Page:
The index value assigned to each type of feature is based on the description
in Chpt. 2 and 3, but finally calibrated and balanced during a stakeholder
seminar where al major stakeholders were invited (Table 4-1) .
The final Oil Sensitivity Index shows values from 2 to more than 20. These
values are then represented along the index line by a colour code of 5
colours.
It is important to note that the index value does not represent a sort of
absolute value at any scale. It is mostly a matter of making changes of sensi-
tivity visible along the index line. An important use of the index will be to
select which areas to protect and where to let the oil strand within a coastal
strip of few kilometres, and not to compare the sensitivity of e.g. northern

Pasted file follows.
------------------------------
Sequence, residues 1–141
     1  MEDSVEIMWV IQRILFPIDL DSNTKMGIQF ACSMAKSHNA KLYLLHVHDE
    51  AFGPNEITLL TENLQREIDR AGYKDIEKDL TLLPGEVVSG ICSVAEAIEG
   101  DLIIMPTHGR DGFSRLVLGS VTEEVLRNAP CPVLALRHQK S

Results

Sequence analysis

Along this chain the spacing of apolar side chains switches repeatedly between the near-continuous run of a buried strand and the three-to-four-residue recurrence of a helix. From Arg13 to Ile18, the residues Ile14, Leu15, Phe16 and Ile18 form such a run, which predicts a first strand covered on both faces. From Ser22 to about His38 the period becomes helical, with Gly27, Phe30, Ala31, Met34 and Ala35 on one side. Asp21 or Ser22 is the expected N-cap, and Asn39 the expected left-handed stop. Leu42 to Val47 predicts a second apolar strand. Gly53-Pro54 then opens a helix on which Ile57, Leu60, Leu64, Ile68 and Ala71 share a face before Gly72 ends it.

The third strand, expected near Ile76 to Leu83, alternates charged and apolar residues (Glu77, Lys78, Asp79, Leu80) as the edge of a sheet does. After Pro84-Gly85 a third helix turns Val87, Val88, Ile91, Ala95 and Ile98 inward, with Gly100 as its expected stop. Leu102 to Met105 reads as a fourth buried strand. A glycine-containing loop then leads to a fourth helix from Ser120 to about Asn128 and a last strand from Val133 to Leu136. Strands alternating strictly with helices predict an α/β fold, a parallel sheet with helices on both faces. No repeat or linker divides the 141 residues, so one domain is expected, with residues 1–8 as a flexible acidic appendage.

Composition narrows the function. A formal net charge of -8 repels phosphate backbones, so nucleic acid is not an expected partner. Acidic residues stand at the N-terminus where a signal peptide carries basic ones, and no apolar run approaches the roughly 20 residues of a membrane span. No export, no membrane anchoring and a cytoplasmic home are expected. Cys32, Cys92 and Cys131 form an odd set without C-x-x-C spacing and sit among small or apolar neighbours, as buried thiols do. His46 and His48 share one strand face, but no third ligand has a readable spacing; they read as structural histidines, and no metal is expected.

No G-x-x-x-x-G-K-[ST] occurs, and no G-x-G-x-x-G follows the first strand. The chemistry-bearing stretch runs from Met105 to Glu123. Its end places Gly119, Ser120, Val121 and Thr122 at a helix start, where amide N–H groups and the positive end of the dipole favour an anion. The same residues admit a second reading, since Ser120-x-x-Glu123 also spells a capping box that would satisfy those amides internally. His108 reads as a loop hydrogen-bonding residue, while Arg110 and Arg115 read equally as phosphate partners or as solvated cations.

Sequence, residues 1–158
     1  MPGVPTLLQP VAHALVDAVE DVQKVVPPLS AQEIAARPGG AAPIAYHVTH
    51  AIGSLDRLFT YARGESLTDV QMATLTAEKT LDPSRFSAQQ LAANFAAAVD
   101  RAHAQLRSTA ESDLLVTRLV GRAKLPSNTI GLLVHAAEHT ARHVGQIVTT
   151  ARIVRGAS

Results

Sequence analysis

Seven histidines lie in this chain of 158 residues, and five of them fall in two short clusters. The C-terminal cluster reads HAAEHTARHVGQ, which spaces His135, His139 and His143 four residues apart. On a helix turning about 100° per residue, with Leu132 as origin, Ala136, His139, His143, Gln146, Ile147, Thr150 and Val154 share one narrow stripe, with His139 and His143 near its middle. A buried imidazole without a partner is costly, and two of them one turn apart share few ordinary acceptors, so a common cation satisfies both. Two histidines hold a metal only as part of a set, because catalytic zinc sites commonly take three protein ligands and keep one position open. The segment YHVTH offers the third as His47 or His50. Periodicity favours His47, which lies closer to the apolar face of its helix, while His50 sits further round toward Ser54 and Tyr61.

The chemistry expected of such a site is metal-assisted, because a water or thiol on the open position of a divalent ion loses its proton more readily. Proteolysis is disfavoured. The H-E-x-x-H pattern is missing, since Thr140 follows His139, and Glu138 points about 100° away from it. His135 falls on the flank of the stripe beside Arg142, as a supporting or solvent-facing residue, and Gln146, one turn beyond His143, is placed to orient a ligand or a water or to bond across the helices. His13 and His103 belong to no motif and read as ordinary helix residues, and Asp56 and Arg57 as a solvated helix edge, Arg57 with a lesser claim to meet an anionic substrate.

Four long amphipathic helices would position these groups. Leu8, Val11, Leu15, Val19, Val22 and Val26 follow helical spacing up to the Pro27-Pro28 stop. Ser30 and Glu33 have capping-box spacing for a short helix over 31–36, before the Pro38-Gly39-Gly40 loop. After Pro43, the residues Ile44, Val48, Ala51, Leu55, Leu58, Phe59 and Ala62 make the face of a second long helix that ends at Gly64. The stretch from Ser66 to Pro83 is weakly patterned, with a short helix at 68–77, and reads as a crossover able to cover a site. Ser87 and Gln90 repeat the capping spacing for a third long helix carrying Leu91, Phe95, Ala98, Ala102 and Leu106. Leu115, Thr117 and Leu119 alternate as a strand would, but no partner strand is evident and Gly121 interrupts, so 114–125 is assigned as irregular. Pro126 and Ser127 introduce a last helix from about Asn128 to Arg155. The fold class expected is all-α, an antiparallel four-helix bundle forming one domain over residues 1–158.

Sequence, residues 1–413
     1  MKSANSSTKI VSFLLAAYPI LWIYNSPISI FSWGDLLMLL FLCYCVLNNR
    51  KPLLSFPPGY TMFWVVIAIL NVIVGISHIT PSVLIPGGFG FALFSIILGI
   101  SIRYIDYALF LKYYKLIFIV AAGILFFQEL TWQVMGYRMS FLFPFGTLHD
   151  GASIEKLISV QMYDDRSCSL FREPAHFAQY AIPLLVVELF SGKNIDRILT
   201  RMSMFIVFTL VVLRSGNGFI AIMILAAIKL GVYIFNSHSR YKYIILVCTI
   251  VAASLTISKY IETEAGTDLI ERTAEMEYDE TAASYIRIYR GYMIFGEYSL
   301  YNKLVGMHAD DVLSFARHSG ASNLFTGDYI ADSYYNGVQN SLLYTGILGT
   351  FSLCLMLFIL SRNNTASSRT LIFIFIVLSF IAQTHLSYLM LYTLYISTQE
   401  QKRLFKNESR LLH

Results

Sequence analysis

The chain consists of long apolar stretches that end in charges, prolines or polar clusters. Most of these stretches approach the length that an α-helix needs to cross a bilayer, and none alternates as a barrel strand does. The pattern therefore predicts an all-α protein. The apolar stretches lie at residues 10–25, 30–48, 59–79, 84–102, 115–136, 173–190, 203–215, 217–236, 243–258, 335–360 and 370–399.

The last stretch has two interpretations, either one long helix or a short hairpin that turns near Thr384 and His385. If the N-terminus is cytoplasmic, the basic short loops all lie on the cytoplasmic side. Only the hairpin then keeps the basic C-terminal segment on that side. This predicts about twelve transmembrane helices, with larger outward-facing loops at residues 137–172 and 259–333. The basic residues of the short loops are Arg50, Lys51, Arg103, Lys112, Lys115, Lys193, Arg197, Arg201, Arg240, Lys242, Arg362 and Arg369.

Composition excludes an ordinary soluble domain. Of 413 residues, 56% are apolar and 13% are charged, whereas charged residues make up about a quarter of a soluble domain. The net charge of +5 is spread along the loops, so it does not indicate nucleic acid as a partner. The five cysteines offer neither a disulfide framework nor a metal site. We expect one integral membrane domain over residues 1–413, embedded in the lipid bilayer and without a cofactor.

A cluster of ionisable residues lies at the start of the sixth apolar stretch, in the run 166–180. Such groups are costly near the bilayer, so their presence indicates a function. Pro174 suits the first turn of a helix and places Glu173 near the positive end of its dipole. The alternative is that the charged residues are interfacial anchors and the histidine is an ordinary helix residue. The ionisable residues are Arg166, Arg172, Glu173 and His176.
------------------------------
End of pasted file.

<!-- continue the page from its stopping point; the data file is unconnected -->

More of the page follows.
and southern Kenya.
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Environmental Sensitivity Atlas for Coastal Area of Kenya
Three types of features
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44
Kensea
Type
Feature
Index Values
Moderator
Horizontal
"impact" of
point features
A
Rocky coast
1
A
Sheltered sand beach
2
A
Exposed sand beach
2
A
Tidal mud flat
3
A
Sheltered rias
2
A
Coral reef and reef flats
3 - 5
Width:
1000m/> 1000m
A
Mangrove
3/5/7/10
Width:
> 200m/ inlet
A
River mouth or creek
8/10/12
Small/large/creek
B
Important bird area, IBA
1
B
Waders
0.2/0.6/1
Low/medium/high 2000
m
importance
B
Turtle breeding site
0.5/1
Low/high density of nests
1000 m
B
Coral reef, priority
1
C
Hotel
1
500 m
C
Small scale fishery
0.2/0.6/1
Low/medium/high
importance
C
Fish trap
0.5
500 m
C
Fish landing site
1
500 m
C
Harbour
1
500 m
C
Cooling water intake
2
200 m
C
National park
1
C
Natural reserve
0.5
C
Proposed natural reserve
0.5
Table 4-1 Sensitivity Index Values of features
considered in the Coastal Resource Maps.
The index values were fixed and agreed
among all major stakeholders during a sta-
keholder workshop.
4 - KenSea, Environ. Sensitivity Atlas for Coastal Area of Kenya